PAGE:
12 January 2014

Meditation and the sound of cities - © Paul Treacy (.com)

Had an interesting conversation with my mum earlier today. She called as I was hanging out the washing, a chore I find increasingly relaxing as I get older, weirdly.

She's going through chemo therapy at the moment and is doing quite well. As a yoga practitioner and teacher she finds meditation very helpful, not only in giving her additional strength in coping with the stress of such a regime of nausea causing treatment but in helping her rest her mind and body during a period of substantially interrupted sleep.

This got me to thinking about meditation, rest and living with stress. I don't meditate. Certainly not in a yogic sense. But there are things that I find meditative. Listening to music is one, of course, both in headphones and through speakers though I used to dislike headphones preferring instead to hear the music in the environment. However, listening in headphones has its pluses particularly in a busy family environment affording a brief moment of isolation with the music appearing, exclusively, to be completely inside one's own head.

Another is reading. Fiction or fact. I find reading from an iPod or iPad more relaxing than the printed page, being as I'm dyslexic. The back lighting allows me to read effortlessly whereas the printed page requires acute concentration and does not come easily.

Most of all, however, I like to walk. To walk and walk and walk. I'm a pacer by nature anyway and even as I write I'm standing at my desk rather than sitting. It's more relaxing for me that way.

I'll walk anywhere. The countryside has its charms, of course but so too do the city streets and it's the streets that I find most meditative of all.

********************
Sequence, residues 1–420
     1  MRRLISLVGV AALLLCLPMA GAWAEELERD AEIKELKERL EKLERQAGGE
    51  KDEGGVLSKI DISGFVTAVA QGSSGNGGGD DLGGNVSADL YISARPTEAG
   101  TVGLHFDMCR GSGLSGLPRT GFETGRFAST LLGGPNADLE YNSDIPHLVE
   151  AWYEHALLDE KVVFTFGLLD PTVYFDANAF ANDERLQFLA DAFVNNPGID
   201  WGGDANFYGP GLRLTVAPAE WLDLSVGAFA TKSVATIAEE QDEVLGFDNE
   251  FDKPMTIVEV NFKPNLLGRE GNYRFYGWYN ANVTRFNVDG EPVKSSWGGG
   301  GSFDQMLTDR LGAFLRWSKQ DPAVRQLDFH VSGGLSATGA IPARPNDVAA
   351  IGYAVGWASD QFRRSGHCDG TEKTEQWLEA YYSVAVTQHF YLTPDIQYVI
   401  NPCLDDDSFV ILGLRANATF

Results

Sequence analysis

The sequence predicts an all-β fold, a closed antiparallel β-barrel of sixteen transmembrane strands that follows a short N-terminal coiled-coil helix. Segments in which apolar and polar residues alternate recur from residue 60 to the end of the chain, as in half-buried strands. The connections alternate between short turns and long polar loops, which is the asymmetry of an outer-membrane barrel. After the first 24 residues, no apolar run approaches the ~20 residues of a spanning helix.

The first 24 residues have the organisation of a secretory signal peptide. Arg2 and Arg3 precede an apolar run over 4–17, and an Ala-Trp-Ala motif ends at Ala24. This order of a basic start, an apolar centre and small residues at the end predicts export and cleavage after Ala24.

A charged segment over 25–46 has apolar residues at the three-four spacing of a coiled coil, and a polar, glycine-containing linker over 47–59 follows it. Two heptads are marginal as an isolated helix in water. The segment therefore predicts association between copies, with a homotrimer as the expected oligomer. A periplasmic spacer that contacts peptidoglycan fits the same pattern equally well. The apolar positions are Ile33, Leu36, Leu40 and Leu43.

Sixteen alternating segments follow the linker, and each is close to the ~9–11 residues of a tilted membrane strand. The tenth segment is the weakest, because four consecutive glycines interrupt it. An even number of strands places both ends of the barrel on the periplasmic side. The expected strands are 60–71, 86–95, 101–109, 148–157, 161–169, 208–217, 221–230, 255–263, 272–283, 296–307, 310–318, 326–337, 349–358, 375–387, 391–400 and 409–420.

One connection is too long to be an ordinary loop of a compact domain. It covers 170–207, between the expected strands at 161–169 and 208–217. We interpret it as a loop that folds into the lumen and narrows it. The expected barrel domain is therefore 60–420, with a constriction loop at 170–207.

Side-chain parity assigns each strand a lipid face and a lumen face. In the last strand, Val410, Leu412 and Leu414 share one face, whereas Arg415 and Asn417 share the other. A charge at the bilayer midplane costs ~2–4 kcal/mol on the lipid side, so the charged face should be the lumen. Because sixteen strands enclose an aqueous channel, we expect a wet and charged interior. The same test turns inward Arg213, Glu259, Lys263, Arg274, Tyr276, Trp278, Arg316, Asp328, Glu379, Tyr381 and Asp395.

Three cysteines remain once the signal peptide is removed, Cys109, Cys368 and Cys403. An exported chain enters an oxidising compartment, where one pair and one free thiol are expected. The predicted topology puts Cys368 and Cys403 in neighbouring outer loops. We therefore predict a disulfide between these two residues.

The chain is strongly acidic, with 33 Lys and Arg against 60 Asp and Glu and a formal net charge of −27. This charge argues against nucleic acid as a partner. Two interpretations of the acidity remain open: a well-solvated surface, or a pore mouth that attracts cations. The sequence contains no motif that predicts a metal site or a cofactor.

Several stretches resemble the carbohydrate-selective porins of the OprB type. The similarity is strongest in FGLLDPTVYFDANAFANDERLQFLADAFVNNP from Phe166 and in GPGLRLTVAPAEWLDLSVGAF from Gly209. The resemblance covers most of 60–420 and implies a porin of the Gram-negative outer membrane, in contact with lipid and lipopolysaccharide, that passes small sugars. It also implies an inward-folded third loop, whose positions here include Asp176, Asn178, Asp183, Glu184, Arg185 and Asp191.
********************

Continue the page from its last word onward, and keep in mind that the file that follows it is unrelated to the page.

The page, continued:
I'm lucky to live close to several beautiful urban parks and to Sydenham Woods which is rife with all kinds of life. The birdsong is delightful and uplifting as are the sounds of fauna rustling beneath the flora.

The city streets have a magic to them too that can be just as restful. There are fewer birds about and it's not as green but there is a soundscape to urban life that seems to vibrate in me, energising me but it also enables a certain peace and relaxation. That's not to say I'm off guard, on the contrary my senses are acutely tuned in and I process everything that goes on around me. In such a heightened state of awareness I can hear the city hum. There's a magical frequency that comes from all the urban sounds mixed together. And it's constant. It's not loud. Nor is it melodic. It's just there. Ever present. Perhaps it's akin to the sound of our own bodies when we are at rest and awaiting sleep, we can hear the blood pulsating through our blood vessels.

I've been aware of this ever since I sat on a pier in Long Island City, Queens looking across the East River at the UN building on Manhattan and suddenly becoming aware of the hum that Manhattan was making, like some kind of living creature. I used to visit this pier from time to time to familiarise myself with this sound, its note, its frequency, its timbre. It was harder to tune into it in Manhattan itself but easy when across the river from it. But I developed a sensitivity to it and learned to pick up on it while being immersed in it.

I sensed it too in London a while back while standing atop Monument and looking out over The City of London and The Thames. Since then I've been able to tune into it while walking London's streets. It remains the ultimate form of meditation and relaxation for me, tuning into the sound of the pulse of a great city. The cumulation of human activity, our machines, wildlife, wind and the flurry of echos bouncing off the built environment makes for a perfect symphony, distilling the sounds of chaos into a single note. Hear that note and you will feel a release of endorphins such that your stresses will ease and you'll feel at one with the city itself.

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